We present a procedure for forming a poly(ethylene glycol) self-assembled monolayer (PEG-SAM) on a silicon substrate with gold microelectrodes. The PEG-SAM is formed in a single step and prevents biofouling on silicon and gold surfaces. Electrophoresis is then used for patterning biomolecules down to the nanoscale.
Here we describe a protocol to examine the migration of glial cells into the developing Drosophila eye using live microscopic analysis paired with GFP tagged glial cells.
A standard approach to prepare adult Drosophila eyes for semi-thin sectioning and light microscopic analysis is presented here. The protocol can be used for gross morphological analysis of eye defects, or with the indicated adjustments can be used to determine genetic requirements of genes in specific cell types of the eye (e.g. clonal analysis of photoreceptors) or for electron microscopic analysis.
The effect of substrata stiffness on cellular function can be modeled in vitro using polyacrylamide hydrogels of varying compliances.
Here we describe a novel high-content chemically induced inflammation assay aiming at the identification of immune-modulatory bioactives. We have successfully combined automated microscopy with custom developed software scripts enabling automated quantification of the inflammatory response as well as further data processing, analysis, mining, and storage.
Adenovirus-mediated Genetic Removal of Signaling Molecules in Cultured Primary Mouse Embryonic Fibroblasts
In this video we use an adenovirus carrying the Cre recombinase gene to infect primary mouse embryonic fibroblasts carrying a floxed Rac1 allele.
The Drosophila egg chamber is an excellent model for studying the mechanisms of mRNA localization. In order to capture the dynamic events that underpin the processes of localization, rapid high resolution imaging of live tissue is required. Here, we present a protocol for dissection and imaging of live samples with minimal disruption.
Application and direct measurements of forces on neurons in the 2-1000 microdyne range are achieved with high precision using calibrated glass needles. This methodology can be used to control and measure several aspects of axonal development, including axonal initiation, axonal tension, velocity of axonal elongation, and force vectors.
Immunohistological Labeling of Microtubules in Sensory Neuron Dendrites, Tracheae, and Muscles in the Drosophila Larva Body Wall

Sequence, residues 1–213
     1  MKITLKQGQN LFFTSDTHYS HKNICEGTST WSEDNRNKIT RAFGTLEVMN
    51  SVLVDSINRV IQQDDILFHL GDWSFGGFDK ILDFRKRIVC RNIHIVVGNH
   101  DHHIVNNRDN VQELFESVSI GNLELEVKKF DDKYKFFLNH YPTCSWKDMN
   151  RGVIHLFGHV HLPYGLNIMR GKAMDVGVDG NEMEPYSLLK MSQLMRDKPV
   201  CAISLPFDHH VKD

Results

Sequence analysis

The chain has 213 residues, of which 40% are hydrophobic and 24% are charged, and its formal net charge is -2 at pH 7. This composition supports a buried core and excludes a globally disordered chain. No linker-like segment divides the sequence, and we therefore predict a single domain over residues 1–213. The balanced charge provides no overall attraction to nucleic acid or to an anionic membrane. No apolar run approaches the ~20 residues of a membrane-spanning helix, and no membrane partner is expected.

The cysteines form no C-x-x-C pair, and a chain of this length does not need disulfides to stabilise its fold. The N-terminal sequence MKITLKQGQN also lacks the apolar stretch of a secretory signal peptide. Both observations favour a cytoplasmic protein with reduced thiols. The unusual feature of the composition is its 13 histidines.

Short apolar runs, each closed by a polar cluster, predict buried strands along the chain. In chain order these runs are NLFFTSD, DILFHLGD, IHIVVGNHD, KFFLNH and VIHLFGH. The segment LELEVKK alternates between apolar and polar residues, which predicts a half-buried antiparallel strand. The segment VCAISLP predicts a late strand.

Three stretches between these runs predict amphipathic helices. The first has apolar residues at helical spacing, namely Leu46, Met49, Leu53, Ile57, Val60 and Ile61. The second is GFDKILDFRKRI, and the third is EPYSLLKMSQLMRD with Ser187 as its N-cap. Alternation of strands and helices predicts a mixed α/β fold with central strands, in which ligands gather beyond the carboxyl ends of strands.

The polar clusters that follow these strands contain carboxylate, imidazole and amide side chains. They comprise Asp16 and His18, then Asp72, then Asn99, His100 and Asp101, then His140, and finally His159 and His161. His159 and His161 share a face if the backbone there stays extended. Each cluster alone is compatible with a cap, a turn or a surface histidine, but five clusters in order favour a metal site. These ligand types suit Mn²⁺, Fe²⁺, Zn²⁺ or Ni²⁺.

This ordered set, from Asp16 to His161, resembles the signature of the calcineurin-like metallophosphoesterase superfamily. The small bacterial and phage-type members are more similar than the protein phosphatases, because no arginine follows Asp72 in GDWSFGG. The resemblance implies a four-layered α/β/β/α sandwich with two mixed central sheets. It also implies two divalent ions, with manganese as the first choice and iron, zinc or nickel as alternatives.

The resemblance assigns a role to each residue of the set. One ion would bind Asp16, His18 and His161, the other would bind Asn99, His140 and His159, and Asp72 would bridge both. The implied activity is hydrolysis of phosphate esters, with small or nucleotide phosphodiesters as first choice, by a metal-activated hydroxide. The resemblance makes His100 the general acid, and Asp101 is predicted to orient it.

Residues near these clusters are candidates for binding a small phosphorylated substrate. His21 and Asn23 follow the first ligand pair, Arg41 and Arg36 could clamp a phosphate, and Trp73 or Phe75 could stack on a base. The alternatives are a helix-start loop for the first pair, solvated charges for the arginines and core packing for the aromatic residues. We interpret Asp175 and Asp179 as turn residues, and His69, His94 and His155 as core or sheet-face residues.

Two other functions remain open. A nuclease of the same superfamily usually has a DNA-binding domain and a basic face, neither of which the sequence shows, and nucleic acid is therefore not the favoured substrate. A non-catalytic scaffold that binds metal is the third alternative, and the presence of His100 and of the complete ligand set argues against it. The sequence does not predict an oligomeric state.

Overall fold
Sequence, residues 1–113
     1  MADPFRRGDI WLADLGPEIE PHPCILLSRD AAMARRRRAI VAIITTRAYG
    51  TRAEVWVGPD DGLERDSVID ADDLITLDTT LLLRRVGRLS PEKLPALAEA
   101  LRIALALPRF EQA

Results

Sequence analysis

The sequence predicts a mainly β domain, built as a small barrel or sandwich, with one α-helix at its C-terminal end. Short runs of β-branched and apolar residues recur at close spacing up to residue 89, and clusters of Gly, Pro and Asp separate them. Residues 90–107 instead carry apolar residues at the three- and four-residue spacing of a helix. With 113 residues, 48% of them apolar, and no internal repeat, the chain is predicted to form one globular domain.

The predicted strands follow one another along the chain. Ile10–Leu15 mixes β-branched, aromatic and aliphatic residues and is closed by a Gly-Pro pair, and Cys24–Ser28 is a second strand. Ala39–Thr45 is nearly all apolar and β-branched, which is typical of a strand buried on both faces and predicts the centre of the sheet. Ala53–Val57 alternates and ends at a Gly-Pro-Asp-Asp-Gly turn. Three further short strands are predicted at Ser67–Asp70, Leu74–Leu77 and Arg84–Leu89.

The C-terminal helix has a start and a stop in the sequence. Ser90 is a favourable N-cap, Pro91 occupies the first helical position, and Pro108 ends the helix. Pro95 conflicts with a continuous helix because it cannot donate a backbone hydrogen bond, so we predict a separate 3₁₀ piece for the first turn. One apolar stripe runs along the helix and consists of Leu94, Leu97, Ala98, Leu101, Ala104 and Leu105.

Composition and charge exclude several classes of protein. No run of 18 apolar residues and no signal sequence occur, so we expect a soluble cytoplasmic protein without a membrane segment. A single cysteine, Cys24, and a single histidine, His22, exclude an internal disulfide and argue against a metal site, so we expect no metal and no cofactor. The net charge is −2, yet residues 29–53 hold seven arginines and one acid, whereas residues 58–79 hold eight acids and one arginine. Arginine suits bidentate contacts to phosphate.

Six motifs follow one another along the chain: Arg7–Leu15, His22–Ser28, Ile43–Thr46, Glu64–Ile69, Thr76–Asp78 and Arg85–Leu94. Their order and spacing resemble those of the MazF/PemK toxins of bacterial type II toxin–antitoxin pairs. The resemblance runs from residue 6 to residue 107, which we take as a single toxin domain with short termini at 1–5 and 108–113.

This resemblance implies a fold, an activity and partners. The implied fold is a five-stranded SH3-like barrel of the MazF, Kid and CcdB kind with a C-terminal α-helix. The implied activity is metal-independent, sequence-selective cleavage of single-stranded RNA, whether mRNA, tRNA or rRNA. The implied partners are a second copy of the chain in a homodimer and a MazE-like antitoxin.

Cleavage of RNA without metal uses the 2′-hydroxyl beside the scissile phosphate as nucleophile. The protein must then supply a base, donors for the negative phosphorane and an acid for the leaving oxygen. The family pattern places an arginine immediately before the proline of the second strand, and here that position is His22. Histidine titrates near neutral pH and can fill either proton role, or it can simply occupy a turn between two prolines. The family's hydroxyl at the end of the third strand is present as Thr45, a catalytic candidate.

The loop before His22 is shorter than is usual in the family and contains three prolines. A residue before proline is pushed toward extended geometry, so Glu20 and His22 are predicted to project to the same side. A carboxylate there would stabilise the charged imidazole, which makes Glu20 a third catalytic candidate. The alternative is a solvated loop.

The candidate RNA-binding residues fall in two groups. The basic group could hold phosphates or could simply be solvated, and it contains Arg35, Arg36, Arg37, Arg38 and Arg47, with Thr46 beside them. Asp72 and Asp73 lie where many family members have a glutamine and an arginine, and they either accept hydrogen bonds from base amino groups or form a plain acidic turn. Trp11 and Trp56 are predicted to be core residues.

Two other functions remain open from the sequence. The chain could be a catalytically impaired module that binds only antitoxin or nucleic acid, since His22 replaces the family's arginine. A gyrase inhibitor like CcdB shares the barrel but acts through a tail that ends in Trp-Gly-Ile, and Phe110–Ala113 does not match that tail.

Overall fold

To understand how complex cell shapes, such as neuronal dendrites, are achieved during development, it is important to be able to accurately assay microtubule organization. Here we describe a robust immunohistological labeling method to examine microtubule organization of dendritic arborization neuron sensory dendrites, trachea, muscle, and other Drosophila larva body wall tissues.
In order to study the changes of nociceptive intraepidermal nerve fibers (IENFs) in painful neuropathies (PN), we developed protocols that could directly examine three-dimensional morphological changes observed in nociceptive IENFs. Three-dimensional analysis of IENFs has the potential to evaluate the morphological changes of IENF in PN.
Generation of an Immortalized Murine Brain Microvascular Endothelial Cell Line as an In Vitro Blood Brain Barrier Model
This method describes how to isolate and immortalize microvascular endothelial cells from mouse brain. We describe a step-by-step protocol starting from the homogenization of brain tissue, digestion steps, seeding and immortalization of the cells. Usually, it takes about five weeks to obtain a homogenous, immortalized microvascular endothelial cell line.
Clathrin-mediated endocytosis depends on adaptor proteins that coordinate cargo selection and clathrin coat assembly. Here we describe procedures to study adaptor-clathrin physical interaction and live cell imaging approaches using as a model the yeast endocytic adaptor protein Sla1p.
Evaluation of Cancer Stem Cell Migration Using Compartmentalizing Microfluidic Devices and Live Cell Imaging
1Department of Biomedical Engineering, University of Wisconsin-Madison, 2Materials Science Program, University of Wisconsin-Madison, 3Department of Neurological Surgery, University of Wisconsin-Madison, 4Carbone Comprehensive Cancer Center and Center for Stem Cell and Regenerative Medicine, University of Wisconsin-Madison
A compartmentalizing microfluidic device for investigating cancer stem cell migration is described. This novel platform creates a viable cellular microenvironment and enables microscopic visualization of live cell locomotion. Highly motile cancer cells are isolated to study molecular mechanisms of aggressive infiltration, potentially leading to more effective future therapies.
Protein Membrane Overlay Assay: A Protocol to Test Interaction Between Soluble and Insoluble Proteins in vitro
Testing protein-protein interaction is indispensable for dissection of protein functionality. Here, we introduce an in vitro protein-protein binding assay to probe a membrane-immobilized protein with a soluble protein. This assay provides a reliable method to test interaction between an insoluble protein and a protein in solution.
Molecular shuttles consisting of functionalized microtubules gliding on surface-adhered kinesin motor proteins can serve as a nanoscale transport system. Here, the assembly of a typical shuttle system is described.
Live cell imaging is of particular utility when studying the dynamics of organelle trafficking. Here we describe a protocol for live imaging of dense-core vesicles in cultured neurons using wide-field fluorescence microscopy. This protocol is flexible and can be adapted to image other organelles such as mitochondria, endosomes, and peroxisomes.